Hull, or officially calling it, Kingston Upon Hull, is a medium-sized city that lies on the East Yorkshire coast, near the mouth of the river Humber (this is confusing as the name of the city refers to a much smaller river, i.e. Hull, that flows through the city).
Hull has long been considered a rather grim backwater, both on the account of poverty of its inhabitants and being very out of the way to anywhere on the east coast. As many such places, this reputation is not entirely deserved, and Hull has several attractions as well as a character all of its own, definitely Northern and with a strong maritime element (it's still a commercial port and has a ferry connection to Holland). Additionally, it has undergone a bit of a regeneration and reinvention more recently (like several other northern cities).
It's hard to judge, however, whether the city is worth making a special trip, even if you are touring the north of England and as I said before, it's not really on the way anywhere else (unless you are taking a ferry to Rotterdam). Still, it's not too far from York which is a definite A-list destination. Also, if you have a specific interest in any of the attractions (The Deep being a prime candidate), it's obviously a place to go, and neither as far or as strange as it might initially appear.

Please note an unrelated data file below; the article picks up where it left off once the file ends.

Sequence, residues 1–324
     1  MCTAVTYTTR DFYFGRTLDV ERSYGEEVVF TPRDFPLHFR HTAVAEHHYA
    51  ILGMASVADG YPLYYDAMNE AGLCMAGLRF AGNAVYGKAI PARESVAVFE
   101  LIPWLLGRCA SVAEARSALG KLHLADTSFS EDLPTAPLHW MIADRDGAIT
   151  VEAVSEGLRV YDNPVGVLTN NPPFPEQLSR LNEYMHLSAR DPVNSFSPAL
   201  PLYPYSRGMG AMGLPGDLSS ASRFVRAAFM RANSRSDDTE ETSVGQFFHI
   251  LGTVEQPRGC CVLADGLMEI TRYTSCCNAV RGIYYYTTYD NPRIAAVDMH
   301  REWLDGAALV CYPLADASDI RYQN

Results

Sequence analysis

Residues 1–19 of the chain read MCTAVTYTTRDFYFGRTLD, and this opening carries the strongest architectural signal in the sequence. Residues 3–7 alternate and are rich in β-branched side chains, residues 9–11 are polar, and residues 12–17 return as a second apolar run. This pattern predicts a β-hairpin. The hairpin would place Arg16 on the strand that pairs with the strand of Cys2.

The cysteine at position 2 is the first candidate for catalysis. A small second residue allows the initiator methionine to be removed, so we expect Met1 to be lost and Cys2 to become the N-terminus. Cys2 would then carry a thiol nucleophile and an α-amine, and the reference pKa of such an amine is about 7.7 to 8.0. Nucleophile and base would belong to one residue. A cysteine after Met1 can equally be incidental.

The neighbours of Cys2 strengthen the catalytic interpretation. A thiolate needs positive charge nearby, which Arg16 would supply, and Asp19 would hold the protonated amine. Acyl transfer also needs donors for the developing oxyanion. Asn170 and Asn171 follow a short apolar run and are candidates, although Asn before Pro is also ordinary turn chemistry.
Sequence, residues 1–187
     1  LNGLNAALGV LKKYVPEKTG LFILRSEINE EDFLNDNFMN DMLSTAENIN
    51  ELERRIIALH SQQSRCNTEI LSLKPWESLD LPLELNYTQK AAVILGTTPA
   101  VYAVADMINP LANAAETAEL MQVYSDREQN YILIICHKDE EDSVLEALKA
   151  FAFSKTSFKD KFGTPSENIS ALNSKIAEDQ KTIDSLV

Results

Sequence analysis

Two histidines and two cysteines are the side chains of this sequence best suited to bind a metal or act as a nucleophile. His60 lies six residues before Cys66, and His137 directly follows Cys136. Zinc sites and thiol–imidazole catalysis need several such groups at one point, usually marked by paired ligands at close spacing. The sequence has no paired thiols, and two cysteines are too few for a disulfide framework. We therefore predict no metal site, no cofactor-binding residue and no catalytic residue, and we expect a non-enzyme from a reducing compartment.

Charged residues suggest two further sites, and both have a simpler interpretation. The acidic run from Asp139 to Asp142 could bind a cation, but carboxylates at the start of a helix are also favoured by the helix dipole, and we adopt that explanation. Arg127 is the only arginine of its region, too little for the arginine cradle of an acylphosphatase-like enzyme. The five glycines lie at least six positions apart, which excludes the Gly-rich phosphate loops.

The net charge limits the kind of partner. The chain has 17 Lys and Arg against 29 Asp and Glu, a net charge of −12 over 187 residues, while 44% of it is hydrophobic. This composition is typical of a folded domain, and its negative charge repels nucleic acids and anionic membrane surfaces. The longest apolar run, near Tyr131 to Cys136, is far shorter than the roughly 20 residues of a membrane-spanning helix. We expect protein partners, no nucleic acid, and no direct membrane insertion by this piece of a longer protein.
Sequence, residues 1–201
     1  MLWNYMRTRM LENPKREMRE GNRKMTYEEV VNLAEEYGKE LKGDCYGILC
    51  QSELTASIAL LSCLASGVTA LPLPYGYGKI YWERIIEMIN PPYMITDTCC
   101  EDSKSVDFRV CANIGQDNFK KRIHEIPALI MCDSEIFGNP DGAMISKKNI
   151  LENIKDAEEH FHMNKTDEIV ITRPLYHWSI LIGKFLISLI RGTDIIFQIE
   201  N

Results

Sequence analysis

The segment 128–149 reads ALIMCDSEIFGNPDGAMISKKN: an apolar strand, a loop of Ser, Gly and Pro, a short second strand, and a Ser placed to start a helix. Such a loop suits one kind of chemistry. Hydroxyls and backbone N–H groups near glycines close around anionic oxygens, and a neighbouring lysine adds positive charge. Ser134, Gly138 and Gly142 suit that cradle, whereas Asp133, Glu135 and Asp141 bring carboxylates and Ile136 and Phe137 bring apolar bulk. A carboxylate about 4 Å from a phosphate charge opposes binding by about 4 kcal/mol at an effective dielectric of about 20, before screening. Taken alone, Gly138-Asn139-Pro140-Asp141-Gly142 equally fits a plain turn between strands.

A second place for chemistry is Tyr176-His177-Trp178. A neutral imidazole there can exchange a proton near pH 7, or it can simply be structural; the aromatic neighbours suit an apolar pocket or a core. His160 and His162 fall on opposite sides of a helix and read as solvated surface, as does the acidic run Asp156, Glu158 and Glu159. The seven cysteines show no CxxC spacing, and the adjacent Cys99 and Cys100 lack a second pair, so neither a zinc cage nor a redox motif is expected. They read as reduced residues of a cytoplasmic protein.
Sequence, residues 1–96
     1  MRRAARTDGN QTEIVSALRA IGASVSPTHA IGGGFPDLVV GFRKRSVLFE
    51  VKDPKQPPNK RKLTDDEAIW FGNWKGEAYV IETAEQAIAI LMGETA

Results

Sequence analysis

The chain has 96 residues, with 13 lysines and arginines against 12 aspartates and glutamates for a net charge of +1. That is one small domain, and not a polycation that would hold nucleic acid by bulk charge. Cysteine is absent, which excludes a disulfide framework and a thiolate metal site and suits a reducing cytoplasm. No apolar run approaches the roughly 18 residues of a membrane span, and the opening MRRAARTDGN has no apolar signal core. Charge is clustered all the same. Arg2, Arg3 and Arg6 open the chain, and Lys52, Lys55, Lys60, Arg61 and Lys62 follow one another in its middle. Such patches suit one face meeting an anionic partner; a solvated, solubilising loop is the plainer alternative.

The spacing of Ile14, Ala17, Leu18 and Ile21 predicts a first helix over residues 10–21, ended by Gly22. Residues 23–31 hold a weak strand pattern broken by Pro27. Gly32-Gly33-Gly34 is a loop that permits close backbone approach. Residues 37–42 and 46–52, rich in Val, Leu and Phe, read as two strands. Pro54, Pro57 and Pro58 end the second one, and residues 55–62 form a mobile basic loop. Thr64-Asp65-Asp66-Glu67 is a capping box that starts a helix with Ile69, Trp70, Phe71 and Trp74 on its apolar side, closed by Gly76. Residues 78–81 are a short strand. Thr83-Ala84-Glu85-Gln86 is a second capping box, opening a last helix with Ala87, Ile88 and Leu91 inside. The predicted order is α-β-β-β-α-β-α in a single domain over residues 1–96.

Hull's tourist image is largely based on its maritime and more generally sea connection, and its attractions are often of such a maritime character. This theme has also been followed in the new and regenerated developments in the city centre.
Chief attractions in Hull include:
Streetlife Museum of Transport, with vehicles of all kinds from carriages and trams to fishing boast, as well as recreated scenes of olden-days street life. Free!
The Deep, Hull's own swanky aquarium with many interactive displays and tanks you can (kind-of) walk through. Expensive.
Hull & East Riding Museum, covering mostly natural and social history of the region, a good-standard regional museum with attractive displays from mammoths to whaling; and free. Visit if you have time.
Maritime Museum, with detailed displays on Hull's maritime history. A bit old-fashioned, but still good and free too.
Arctic Corsair, a museum based on an original fishing trawler (that was working until the 1980s) and an illuminating insight into the life of fishermen and the source of our daily fish & chips, tours by people who used to worked on the trawlers.
Wilberforce House Museum, devoted to life of an anti-slave-trade campaigner. Also free.
Ferens Art Gallery, surprisingly good local art gallery with highlights by Hals, Canaletto, Hockney, Helen Chadwick and special children's gallery for 6 to 10 year olds. The café is good too.
For added fun, follow the Seven Seas Fish Trail that takes you round Hull's centre's main attractions.
Nearby is the Humber Bridge, once a longest single-span suspension bridge in the world, a magnificent construction over the flats of Humber estuary, but a bit pointless one (not many people actually live on the other side). On the other side, the town of Beverley is an attractive one itself but the reason to visit is the Beverley Minster, a pile of golden Gothic stone.